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Suggestions for
a Good Night's Sleep

Counseling and Mental Health Center at University of Texas at Austin
5th Floor, SSB | 512/471-3515 | www.utexas.edu/student/cmhc

WHY FOCUS ON SLEEP?

College students today often see themselves as pushed "to the max". Long days with too much to do and not enough time to do it is often the norm. College students can experience excessive stress, anxiety, and worry. These kinds of difficulties can interfere with normal sleep patterns.

If you are having sleep difficulties, you are not alone. Over 50% of adults report past or current sleep difficulties. Common problems include sleeping too much, trouble falling asleep, and waking up in the night.

However common, college students often underestimate the negative impact of sleep problems on their work, relationships and general well being. The #1 cause of human error in major industrial and automotive accidents is fatigue. Academic performance can also be sabotaged by poor sleep patterns. In a July 2002 article on sleep, Newsweek magazine reported that sleep deprivation for more than 24 hours "affects performance as much as a blood alcohol level above the legal limit."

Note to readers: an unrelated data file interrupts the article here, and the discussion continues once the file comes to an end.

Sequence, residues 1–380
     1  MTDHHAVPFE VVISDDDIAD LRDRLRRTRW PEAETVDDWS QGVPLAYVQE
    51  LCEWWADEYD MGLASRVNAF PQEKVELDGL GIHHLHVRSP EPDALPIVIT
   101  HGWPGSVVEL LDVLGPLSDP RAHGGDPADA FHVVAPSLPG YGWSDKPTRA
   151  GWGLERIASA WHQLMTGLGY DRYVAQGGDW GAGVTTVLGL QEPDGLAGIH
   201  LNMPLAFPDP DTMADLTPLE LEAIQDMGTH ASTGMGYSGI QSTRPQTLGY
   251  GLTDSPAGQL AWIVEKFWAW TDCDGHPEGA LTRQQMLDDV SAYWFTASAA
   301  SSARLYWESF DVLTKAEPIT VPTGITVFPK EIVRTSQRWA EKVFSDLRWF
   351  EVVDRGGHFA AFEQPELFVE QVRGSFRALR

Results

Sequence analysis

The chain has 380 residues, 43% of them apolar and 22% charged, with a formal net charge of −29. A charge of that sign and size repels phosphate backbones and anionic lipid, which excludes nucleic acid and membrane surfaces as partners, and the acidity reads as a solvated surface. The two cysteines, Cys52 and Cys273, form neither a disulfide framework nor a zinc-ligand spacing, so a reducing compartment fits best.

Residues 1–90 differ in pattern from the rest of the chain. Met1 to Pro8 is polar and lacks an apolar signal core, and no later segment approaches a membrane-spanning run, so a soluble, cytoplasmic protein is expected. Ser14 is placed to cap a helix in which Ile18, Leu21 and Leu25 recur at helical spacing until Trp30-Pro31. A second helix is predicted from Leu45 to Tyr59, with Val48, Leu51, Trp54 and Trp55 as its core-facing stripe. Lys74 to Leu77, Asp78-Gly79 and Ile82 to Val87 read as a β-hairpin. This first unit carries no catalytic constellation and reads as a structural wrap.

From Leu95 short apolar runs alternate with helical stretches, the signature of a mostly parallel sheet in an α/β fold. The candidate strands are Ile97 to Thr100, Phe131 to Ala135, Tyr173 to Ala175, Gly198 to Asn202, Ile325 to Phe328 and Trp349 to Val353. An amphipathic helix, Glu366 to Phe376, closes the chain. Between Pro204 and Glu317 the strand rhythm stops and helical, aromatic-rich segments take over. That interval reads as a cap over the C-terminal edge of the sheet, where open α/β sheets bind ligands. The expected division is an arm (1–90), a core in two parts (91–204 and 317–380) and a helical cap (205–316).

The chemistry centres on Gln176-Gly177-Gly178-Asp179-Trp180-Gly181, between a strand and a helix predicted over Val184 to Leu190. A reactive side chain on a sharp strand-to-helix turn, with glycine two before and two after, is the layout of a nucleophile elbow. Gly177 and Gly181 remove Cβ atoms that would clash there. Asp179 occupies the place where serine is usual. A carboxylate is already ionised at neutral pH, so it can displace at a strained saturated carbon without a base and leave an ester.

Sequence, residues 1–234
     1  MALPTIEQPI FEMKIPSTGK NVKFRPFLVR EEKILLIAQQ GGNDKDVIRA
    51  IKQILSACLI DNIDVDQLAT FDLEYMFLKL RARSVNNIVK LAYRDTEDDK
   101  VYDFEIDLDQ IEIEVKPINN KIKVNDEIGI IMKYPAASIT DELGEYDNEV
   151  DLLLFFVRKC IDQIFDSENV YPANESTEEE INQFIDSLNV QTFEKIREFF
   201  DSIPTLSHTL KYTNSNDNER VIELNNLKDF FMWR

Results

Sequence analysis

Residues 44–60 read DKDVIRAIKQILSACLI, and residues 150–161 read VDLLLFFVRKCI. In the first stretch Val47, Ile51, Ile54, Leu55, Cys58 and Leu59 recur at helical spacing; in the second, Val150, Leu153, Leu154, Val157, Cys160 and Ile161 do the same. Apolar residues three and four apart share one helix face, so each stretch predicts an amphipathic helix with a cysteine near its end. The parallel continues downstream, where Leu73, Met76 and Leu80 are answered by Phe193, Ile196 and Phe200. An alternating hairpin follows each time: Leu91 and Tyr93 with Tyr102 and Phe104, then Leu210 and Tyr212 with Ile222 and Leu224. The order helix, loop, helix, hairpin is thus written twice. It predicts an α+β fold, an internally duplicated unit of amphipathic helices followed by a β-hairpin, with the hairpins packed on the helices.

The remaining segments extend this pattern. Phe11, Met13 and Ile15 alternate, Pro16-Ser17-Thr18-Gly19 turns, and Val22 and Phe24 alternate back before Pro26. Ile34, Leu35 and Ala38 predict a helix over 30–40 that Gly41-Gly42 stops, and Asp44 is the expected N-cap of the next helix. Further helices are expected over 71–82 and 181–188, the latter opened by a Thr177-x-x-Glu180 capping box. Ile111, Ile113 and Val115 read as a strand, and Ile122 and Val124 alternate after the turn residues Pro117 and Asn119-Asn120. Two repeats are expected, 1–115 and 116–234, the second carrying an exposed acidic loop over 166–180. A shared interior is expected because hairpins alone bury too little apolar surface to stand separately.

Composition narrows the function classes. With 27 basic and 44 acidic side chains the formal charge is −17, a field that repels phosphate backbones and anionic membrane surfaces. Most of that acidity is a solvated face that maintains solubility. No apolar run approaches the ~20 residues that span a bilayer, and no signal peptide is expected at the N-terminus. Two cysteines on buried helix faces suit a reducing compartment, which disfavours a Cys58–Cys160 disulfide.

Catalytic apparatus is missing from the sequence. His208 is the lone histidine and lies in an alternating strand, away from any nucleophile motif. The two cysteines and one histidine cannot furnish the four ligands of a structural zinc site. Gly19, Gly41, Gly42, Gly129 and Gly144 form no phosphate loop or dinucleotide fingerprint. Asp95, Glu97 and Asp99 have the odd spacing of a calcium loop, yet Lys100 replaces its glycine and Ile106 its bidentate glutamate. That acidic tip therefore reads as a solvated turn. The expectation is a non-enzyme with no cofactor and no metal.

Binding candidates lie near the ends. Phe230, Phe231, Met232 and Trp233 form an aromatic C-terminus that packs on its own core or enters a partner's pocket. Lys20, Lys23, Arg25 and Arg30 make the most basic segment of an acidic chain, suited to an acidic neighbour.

There's also evidence that an inadequate amount of sleep can:

  • Increase moodiness
  • Decrease ability to concentrate
  • Decrease retention of new info.
  • Challenge your ability to manage stress
  • Lessen your body's ability to fight off illness

For these reasons, it may be costly to ignore sleep problems or bad sleep habits.

It will take time for sleep changes to happen, so be patient and don't give up!

WHAT IS A
GOOD NIGHT'S SLEEP?

Many of us think we're getting adequate sleep, but really aren't. The amount of sleep you need to be at your best is as individual as the amount of food you need. It isn't simply how many hours of sleep time you're logging in that matters, but how good you feel and how well you're able to perform each day.

Individual sleep needs vary considerably from person-to-person and depend also on a number of external factors such as motivation and mood. Some people need 6 hours or less, but others require up to 9 hours to feel wide awake and to function at their peak level. However, quality of sleep -- which includes keeping regular sleep schedules, proper exercise and nutrition -- is as important as quantity.